Then, perhaps the most crucial trail magic that has happened to us so far, occurred at the Coon Creek Cabins deep in the San Bernadino Wilderness. We had been hiking for nearly 10 miles at an elevation above 8,000ft through a wet, freezing, windy, hellish cloud. It was bitter and horrible and completely shitty. I was wearing all of my multicolored layers and was still shivering like mad. It was too cold to stop and we were hiking quickly and furiously and all I wanted was to curl up in a ball in the sleeping bag forever but there was no where to do that. Just as I was reaching my breaking point and was on the brink of a fit, there were signs reading "trail magic," which we hastily followed.

There, in the middle of the woods was a massive campfire surrounded by about ten of our fellow thru hiker friends who cheered as we sauntered over. Some people had brought up hot dogs to grill, as well as fresh fruit and veggies and beer and soda. A fire! Literally minutes after I had dramatically whined to Andy that I felt like I was gonna die. A freaking fire.
And just like that, everything was okay again. "Peachy ginger," to quote a friend of mine. Sighs of relief all around.

We spent the night hunkered down in our tent just a few miles past that magic scene and waited out the hail storm that ensued. And the next day, the sun came out and all was right with the world.

But this trail magic stuff, wow. 
Then the next day some friends of some other thru hikers we had just met let us smash in the back of their "bitchin' Camaro" and gave us a ride from the trail head down to Big Bear Lake, where we've been soaking in our big jacuzzi bathtub ever since.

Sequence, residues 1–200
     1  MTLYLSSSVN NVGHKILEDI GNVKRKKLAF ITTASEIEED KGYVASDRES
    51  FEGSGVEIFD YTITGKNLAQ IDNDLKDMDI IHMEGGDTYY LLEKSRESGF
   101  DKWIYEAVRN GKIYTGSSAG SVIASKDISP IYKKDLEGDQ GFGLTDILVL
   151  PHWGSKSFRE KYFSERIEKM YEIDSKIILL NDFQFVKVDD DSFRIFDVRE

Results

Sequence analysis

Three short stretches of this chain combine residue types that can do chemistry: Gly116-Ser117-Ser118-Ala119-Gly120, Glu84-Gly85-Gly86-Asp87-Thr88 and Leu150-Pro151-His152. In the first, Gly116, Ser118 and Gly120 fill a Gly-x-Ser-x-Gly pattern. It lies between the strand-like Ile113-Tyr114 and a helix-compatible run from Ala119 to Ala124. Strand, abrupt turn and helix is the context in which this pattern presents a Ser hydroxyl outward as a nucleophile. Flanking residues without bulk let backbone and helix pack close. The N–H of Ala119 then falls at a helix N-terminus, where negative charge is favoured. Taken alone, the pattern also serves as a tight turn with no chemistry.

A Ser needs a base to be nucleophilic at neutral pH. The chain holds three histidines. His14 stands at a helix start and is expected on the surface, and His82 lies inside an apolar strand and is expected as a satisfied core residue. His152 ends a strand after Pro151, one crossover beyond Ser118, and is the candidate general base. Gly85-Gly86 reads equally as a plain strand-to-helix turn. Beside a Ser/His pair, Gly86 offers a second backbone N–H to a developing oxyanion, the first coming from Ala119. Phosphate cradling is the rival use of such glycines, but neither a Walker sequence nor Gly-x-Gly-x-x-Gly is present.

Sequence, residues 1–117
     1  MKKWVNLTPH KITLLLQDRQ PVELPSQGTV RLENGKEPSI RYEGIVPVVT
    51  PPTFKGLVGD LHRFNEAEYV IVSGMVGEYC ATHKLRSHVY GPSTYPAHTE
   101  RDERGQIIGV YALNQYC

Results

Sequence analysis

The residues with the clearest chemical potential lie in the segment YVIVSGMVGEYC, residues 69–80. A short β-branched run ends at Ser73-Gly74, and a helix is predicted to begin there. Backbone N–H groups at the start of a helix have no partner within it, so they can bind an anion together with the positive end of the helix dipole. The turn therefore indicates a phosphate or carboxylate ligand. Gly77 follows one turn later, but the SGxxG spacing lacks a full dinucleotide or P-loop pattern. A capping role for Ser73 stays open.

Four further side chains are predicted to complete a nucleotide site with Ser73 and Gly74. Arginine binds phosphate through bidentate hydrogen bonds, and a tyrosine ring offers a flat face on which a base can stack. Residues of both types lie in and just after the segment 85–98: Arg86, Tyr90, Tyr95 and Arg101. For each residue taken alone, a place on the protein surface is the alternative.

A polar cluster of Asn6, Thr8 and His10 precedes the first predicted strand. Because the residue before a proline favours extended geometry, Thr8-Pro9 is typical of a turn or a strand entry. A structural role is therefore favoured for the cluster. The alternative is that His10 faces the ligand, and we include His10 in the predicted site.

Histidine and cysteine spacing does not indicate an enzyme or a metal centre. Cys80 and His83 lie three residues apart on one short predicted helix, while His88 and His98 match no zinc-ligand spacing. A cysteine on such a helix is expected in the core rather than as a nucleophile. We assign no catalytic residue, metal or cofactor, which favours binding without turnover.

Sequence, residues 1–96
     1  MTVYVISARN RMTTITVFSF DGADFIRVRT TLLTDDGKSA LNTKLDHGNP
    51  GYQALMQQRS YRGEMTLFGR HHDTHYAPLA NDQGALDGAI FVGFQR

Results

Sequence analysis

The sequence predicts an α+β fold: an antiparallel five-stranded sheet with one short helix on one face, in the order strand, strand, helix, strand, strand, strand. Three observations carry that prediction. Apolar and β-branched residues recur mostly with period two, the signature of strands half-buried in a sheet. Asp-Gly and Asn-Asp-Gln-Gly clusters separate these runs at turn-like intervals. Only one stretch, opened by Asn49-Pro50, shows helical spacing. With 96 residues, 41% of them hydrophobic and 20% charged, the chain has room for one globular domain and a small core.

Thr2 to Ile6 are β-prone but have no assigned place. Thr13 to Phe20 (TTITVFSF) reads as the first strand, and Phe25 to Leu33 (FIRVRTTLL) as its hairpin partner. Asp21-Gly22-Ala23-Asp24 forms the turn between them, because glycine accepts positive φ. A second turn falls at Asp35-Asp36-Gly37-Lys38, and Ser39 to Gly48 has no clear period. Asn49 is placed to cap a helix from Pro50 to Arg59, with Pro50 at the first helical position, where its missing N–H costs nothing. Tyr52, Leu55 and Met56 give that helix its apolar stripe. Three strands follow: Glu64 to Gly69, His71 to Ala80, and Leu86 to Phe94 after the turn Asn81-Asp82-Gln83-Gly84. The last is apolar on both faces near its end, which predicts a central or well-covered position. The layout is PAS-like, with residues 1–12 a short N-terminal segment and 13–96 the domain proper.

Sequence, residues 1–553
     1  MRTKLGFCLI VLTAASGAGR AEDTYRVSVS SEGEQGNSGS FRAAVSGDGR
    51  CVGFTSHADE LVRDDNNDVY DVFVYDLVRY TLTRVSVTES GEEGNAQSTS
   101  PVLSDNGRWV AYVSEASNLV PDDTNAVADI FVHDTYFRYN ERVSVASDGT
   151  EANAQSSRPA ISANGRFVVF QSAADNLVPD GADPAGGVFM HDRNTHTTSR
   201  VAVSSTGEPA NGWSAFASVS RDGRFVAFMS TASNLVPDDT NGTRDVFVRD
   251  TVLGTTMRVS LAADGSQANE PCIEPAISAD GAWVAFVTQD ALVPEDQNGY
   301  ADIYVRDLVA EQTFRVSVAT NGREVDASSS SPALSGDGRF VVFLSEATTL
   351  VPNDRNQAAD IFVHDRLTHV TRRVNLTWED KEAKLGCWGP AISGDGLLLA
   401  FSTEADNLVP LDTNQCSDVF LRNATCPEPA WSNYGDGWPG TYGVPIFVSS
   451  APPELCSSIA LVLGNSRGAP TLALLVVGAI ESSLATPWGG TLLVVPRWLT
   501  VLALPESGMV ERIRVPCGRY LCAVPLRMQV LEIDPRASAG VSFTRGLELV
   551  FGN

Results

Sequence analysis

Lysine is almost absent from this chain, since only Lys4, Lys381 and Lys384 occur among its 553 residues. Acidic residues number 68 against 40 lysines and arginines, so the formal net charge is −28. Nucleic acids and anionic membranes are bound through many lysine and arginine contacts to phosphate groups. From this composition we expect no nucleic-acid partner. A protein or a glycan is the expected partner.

Moral of the story: be nice for the sake of being nice. The gratitude and appreciation of those on the receiving end is immeasurable. Now excuse me while I go eat some chicken pot pie.

Resupply in Idyllwild

7 days worth of food:
3 packs of jerky
2 bags chili cheese Fritos
2 bars of sea salt/coffee chocolate bars
1 jar peanut butter
Salted almonds/cashews
1 box stove top stuffing
2 packs Idahoan mashed po
1 bag craisons
1 pack of bear claws
3 apples
1 avacado
3 boxes nature valley bars 
2 boxes chocolate fudge pop tarts
1 bag bbq kettle chips
1 bag goldfish 
1 bottle ibuprofen 
1 travel sized toothpaste
1 bag wasabi peas
6 fruit leathers
Some string cheese
(Not pictured: 5 clif bars, 3 backpackers pantry meals ((pasta veg parm, Hawaii style chicken w rice & Kathmandu curry))... Nom nom nom)

FAQs - "Why would anyone want to walk 2663(ish) miles from Mexico to Canada?"

Like my dad says, there are roads that go all the way from Mexico to Canada. However, I doubt they are as scenic as the Pacific Crest Trail. The PCT passes through twenty five national forests and seven national parks. It meanders through the Laguna, Santa Rosa, San Jacinto, San Bernardino, San Gabriel, Liebre, Tehachapi, Sierra Nevada, and Klamath ranges in California, and the Cascade Range in California, Oregon, and Washington. The highest point on the PCT is Forester Pass at 13,153 feet. We will walk over that. Mount Whitney, the highest summit in the contiguous United States, has an elevation of 14,505 feet and is located in the Sierra Nevada range... and we're probably gonna climb that too.